FIG. 5 sets forth a partial section view of a portion of the present invention game bat taken along section lines 5--5 in FIG. 4;
FIG. 6 sets forth a partial section view of a portion of the present invention improved sound producing game bat taken along section lines 6--6 in FIG. 4;
FIG. 7 is a perspective assembly view of a portion of the present invention improved sound producing game bat;
FIG. 8 sets forth a section view of a portion of the present invention game bat taken along section lines 8--8 in FIG. 4;
FIG. 9 sets forth a section view of the present invention improved sound producing game bat taken along section lines 9--9 in FIG. 5; and
FIG. 10 sets forth a section view of a portion of the present invention improved sound producing game bat taken along section lines 10--10 in FIG. 6.
FIG. 1 sets forth a perspective assembly view of a sound producing game bat constructed in accordance with the present invention and generally referenced by numeral 10. Game bat 10 includes a generally hollow body preferably formed of a molded plastic material or the like which defines a handle portion 13, an expanded grip end 14 and a enlarged striking end 26. Striking end 26 defines a tapered end portion 24 and an aperture 19. In its preferred form, body 11 is hollow and thus defines an interior cavity 12. End 24 further defines a recess 25. A plurality of generally spiralled grooves 20 are formed in handle 13 to improve the gripping characteristics of game bat 10. As is better seen in FIG. 2, grip end 14 defines an aperture 60 extending therethrough and a surrounding recess 61.
Game bat 10 further includes an elongated generally cylindrical weight shaft 21 defining a bore 23 at one end and a bore 27 (at the remaining end). In the alternative, weight shaft 21 may be completely hollow in which case a center passage extends between bores 23 and 27. In either event, a generally cylindrical resilient damper 22 preferably formed of a foam plastic or foam rubber type material, defines a center passage 28 and is received upon weight shaft 21. In its preferred form, resilient damper 22 is tightly fitted to weight shaft 21 and thus, once placed thereon in accordance with the assembly set forth below in greater detail, tends to remain in a fixed position upon weight shaft 21. Game bat 10 further includes a generally cylindrical slide weight 30 defining a center passage 31. Slide weight 30 is preferably formed of a heavy material such as metal or the like and is loosely fitted upon weight shaft 21 and thus is slidable thereon. Thus, passage 31 is preferably sized sufficiently larger than the outer size of weight shaft 21 to permit easy sliding of slide weight 30.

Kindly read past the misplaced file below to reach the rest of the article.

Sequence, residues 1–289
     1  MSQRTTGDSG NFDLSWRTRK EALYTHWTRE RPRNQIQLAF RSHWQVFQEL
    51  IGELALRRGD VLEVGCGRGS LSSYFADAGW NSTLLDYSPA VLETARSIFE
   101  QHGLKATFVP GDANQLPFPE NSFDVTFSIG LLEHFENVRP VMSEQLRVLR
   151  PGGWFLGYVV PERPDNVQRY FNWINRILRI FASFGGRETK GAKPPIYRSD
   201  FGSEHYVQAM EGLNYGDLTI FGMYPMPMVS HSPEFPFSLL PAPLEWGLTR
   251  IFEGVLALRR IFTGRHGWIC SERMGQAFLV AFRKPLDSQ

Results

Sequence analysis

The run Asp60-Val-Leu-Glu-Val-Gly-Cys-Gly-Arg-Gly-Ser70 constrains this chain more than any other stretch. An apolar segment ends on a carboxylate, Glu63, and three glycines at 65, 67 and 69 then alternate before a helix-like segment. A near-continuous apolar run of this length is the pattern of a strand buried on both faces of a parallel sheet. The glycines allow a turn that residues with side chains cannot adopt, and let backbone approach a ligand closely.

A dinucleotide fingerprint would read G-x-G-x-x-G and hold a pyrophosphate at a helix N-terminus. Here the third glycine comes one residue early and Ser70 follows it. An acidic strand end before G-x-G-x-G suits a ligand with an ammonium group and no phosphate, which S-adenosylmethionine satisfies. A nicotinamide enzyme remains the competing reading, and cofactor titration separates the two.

In accordance with an important aspect of the present invention, game bat 10 further includes an acoustic sound cone 40 having a generally cone-shaped diaphragm portion 42 and a coupling element 43. Diaphragm 42 terminates in a generally annular rim 44. In further accordance with the present invention, diaphragm 42 defines a generally cone-shaped open chamber 41 extending inwardly from support rim 44. An end cap 15 includes a generally disk-shaped head portion 16 and a coupling element 17.
Game bat 10 is assembled in the manner shown in FIG. 1 by initially placing weight shaft 21 within interior cavity 12 of body 11. Thereafter, weight shaft 21 is moved inwardly toward handle 13 until the end thereof supporting bore 27 is received within aperture 60 of grip end 14 (the former better seen in FIG. 2). Cap 15 is then inserted into bore 27 such that coupling 17 is received in a tight secure insertion and such that head 16 is received within recess 61 of grip end 14.
With shaft 21 thus assembled within body 11, slide weight 30 is placed upon weight shaft 21 and finally sound cone 40 is aligned with weight shaft 21 such that coupling 43 is received within bore 33 of shaft 21. Thereafter, an inward or compressive force upon sound cone 40 drives coupling 43 into bore 23 to provide a secure attachment therebetween. It should be noted that the length of weight shaft 21 is carefully selected to permit rim 44 of sound cone 40 to be received within recess 25 of body 11 when the above-described assembly is completed.
It will be apparent to those skilled in the art that a variety of mechanical attachments may be utilized to secure couplings 43 and 17 within bores 23 and 27 respectively of weight shaft 21. For example, an adhesive material may be used to tightly bond the coupling members to weight shaft 21. Alternatively, a severe tight mechanical fit may be sufficient in some instances to provide secure attachment. It will be apparent, however, that other attachment forms such as thermal or sonic welding may be utilized as well as conventional threaded attachments.